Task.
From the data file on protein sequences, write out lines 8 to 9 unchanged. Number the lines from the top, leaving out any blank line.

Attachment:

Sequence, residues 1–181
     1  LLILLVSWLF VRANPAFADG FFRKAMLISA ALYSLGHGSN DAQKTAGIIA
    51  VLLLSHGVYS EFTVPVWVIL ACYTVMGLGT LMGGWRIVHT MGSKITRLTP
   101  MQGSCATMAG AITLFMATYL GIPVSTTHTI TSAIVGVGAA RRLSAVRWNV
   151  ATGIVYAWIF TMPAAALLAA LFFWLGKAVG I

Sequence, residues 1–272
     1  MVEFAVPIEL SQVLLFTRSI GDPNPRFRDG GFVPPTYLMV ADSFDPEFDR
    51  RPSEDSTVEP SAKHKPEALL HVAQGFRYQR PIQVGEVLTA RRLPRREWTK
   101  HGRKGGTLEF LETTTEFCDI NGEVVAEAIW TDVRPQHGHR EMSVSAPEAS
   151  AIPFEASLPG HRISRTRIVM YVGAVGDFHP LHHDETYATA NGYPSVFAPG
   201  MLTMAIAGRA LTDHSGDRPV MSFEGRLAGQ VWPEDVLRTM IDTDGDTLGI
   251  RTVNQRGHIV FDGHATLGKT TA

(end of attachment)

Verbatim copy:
    51  RPSEDSTVEP SAKHKPEALL HVAQGFRYQR PIQVGEVLTA RRLPRREWTK
   101  HGRKGGTLEF LETTTEFCDI NGEVVAEAIW TDVRPQHGHR EMSVSAPEAS